We create a variable called output$mpgPlot to which we pass the shiny method renderPlot.  Inside that method, we are simply creating a simple boxplot comparing mpg to cyl using the mtcars data set that we labeled mpgData

server <- function(input, output) {
  output$mpgPlot <- renderPlot({
    boxplot(mpg~cyl, data= mpgData)}) 

The boxplot we rendered as output$mpgPlot is now passed to our ui

Next, in the ui I renamed the title panel and in the mainPanel, I added the command plotOutput(“mpgData”). That will allow me to post the boxplot I created in the server to the ui web page.

ui <- fluidPage(
  titlePanel("Mpg vs Cylinder Plot"),
     sidebarPanel("Sidebar Panel"),
      mainPanel(  plotOutput("mpgPlot"))

If you run the code, it should look like this:


Step 4

Now let’s add a little interactivity to our web page. We are going to give the user the option to view the boxplots with or without the outliers taken into effect.

mpgData <- mtcars

ui <- fluidPage(
  titlePanel("Mpg vs Cylinder Plot"),
     sidebarPanel(checkboxInput("outliers", "Show outliers", FALSE)),
server <- function(input, output) {
  output$mpgPlot <- renderPlot({
    boxplot(mpg~cyl, data= mpgData,
            outline = input$outliers)})
shinyApp(ui = ui, server = server)

This involves only two changes to our code

First we will add a checkbox to our sidebar, in the ui we will alter the sidebarPanel line to look like this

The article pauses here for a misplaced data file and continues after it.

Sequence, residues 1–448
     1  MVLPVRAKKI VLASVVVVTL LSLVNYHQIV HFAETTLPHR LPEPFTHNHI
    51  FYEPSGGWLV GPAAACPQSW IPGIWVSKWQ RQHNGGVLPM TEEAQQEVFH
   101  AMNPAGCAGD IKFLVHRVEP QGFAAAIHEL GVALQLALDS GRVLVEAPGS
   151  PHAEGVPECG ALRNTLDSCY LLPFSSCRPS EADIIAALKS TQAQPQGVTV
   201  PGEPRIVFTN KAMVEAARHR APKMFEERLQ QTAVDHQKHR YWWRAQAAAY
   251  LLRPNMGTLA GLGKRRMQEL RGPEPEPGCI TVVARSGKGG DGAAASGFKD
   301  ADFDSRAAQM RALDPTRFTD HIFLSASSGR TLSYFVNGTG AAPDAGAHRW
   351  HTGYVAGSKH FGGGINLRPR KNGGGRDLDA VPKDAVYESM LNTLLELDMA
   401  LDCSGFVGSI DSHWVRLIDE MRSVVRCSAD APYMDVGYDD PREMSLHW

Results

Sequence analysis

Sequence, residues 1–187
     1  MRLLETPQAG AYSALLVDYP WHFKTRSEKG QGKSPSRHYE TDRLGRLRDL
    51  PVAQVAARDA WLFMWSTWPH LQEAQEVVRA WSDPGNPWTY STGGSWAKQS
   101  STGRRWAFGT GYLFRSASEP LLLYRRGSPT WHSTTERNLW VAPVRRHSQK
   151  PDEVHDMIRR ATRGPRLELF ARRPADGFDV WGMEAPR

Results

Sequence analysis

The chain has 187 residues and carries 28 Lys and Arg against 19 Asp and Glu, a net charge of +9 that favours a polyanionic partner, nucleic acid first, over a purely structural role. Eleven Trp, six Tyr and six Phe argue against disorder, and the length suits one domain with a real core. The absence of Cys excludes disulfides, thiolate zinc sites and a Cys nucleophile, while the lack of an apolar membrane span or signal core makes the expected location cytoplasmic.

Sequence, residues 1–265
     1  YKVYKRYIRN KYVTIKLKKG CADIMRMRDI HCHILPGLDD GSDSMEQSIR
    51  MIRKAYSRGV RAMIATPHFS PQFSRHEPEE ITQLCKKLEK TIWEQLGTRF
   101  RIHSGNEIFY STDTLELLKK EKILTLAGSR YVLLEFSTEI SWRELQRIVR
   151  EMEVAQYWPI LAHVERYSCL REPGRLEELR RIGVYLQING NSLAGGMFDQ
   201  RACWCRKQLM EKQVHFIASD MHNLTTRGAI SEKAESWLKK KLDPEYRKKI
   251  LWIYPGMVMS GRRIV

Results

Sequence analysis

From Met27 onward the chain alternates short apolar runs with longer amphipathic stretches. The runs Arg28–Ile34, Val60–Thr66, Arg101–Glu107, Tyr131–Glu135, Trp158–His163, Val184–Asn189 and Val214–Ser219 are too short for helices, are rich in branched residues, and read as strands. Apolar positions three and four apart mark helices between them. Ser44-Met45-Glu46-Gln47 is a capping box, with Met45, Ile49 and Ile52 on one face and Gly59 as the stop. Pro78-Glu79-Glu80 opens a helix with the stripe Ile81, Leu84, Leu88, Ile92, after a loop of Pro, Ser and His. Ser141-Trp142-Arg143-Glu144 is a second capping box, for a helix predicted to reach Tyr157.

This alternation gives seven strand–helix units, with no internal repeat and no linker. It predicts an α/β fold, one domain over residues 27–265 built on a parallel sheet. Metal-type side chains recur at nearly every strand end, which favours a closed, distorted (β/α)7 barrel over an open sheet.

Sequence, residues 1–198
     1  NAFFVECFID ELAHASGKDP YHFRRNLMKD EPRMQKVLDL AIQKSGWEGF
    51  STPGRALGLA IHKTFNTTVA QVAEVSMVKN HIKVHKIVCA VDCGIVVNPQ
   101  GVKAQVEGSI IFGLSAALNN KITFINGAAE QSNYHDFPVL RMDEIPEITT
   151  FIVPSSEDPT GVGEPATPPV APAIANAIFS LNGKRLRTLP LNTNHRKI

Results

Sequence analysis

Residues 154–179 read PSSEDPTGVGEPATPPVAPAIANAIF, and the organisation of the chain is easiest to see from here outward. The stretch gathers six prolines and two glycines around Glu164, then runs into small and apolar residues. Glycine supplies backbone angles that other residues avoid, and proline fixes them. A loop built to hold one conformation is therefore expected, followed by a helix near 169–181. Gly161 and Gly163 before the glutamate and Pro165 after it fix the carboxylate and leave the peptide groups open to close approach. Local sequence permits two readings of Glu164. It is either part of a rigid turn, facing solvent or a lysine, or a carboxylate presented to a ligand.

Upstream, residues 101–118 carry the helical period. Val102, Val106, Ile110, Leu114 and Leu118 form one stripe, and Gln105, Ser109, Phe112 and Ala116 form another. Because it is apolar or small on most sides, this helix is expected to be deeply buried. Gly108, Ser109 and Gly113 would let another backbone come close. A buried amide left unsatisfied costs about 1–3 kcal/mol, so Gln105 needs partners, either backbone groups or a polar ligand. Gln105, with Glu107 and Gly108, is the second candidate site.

sidebarPanel(checkboxInput(“outliers”, “Show outliers”, FALSE)),

The breakdown of the syntax here is

checkboxinput(variable name, display text, default )– our default is set to FALSE so our box will be unchecked by default


Next, we will alter our boxplot to take into account the checkbox input

boxplot(mpg~cyl, data= mpgData,
            outline = input$outliers)

— notice the variable name is input$outliers  It is a composite of the variable from our checkboxinput method and “input” from out function(input, output) function that opens up our server.

Now run your code





Qlik Sense: Sorting by Expression

This can be a very frustrating problem for many Qlik users.


I have a list of the days of the week, but as you can see they are not in order. Unfortunately, sorting them alphabetically will not help your situation either. The solution is to Sort by Expression

Go into to edit mode and click on the object in question (in this case a Filter). Now click on Sorting in the right side bar and unclick Auto Sorting


Uncheck Sort numerically and Sort alphabetically, and check Sort by expression


Click on the Expression box and the formula window opens.


The formula we are going to use is the Match() formula:

Syntax: match(field, condition 1, condition 2, etc)


Hit apply and check your Filter box.



R: Creating a Word Cloud

Word Clouds are great visualization techniques for dealing with text analytics. The idea behind them is they display the most common words in a corpus of text. The more often a word is used, the larger and darker it is.